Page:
Starting Position The presentation of the Czech Republic primarily concerns: 1.  the organization of activities performed by central and other administrative bodies, 2.  the form and content of activities performed by state administrative bodies, * Ambassador, Deputy Director, Diplomatic Academy, Ministry of Foreign Affairs, Prague, Czech Republic.

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3.  activities performed by representative offices of the Czech Republic abroad and 4.  activities performed by non-governmental entities. The presentation of the country cannot be solely reduced to the activities of its foreign representation abroad in spite of the fact that this is the most visible area. From the institutional perspective, state administrative bodies and organizations implement the presentation of a country, but it is not explicitly defined within the applicable legislation. The most important segments of presentation, namely foreign policy, culture, science and education, economy, tourism and sports are covered by respected ministries within the framework of their competences. Central and other state administrative bodies either present the Czech Republic themselves or contribute financially to the presentation of the country.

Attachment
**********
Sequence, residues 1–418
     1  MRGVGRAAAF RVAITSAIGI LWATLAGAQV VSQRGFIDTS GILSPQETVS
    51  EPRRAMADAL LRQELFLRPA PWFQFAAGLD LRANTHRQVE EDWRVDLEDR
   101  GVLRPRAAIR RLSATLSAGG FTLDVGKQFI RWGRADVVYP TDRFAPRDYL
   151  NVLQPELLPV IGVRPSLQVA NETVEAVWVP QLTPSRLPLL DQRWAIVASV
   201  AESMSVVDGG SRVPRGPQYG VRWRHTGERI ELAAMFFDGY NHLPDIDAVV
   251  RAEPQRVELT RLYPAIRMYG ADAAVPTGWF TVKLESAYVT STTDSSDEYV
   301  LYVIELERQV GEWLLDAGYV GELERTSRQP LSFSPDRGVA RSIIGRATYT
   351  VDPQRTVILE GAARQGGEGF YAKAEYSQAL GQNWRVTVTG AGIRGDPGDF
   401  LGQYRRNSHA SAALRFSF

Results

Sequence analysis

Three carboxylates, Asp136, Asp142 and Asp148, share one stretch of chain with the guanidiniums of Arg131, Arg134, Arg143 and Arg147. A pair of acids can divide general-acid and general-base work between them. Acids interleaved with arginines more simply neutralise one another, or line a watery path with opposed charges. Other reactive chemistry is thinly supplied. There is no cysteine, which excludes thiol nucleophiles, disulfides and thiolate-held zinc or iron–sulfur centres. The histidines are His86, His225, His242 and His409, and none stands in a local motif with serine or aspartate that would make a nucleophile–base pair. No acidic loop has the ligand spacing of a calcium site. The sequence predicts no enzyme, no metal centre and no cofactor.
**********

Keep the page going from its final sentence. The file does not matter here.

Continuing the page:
The Most Common Presentations •  Expositions and trade fairs all over the world. •  Media: cooperation with foreign correspondents accredited in the CR, presentations in foreign media etc. •  Publications and the Internet: issuance of foreign and language publications, CDs which are distributed through the wide net of institutions and events. •  Foreign development aid: the area of development cooperation is an integral part of foreign policy, which is coordinated by the Ministry of Foreign Affairs. Development aid includes projects in third world countries, scholarships, the transfer of expertise, humanitarian assistance and assistance provided to refugees, debt reduction, contributions to international organizations etc. The Czech Republic’s contributions in this area are approx. 2, 4 billions Czech crowns annually. •  Education, science, research and Bohemian studies: spreading knowledge of the Czech language and literature in foreign lands falls within the competence of the Ministry of Education, Youth and Sports. Czech teachers are usually assigned on the basis of fulfilling the provisions of international contacts or within the framework of foreign assistance provided by the Czech Republic. At present, approx. 50 teachers hold positions at universities in more than 20 countries. The state finances such items as the expanse related to sending out teachers, providing materials for teaching Czech and Czech literature, scholarships for foreign students in the Czech Republic, Czech courses for the refugees. 72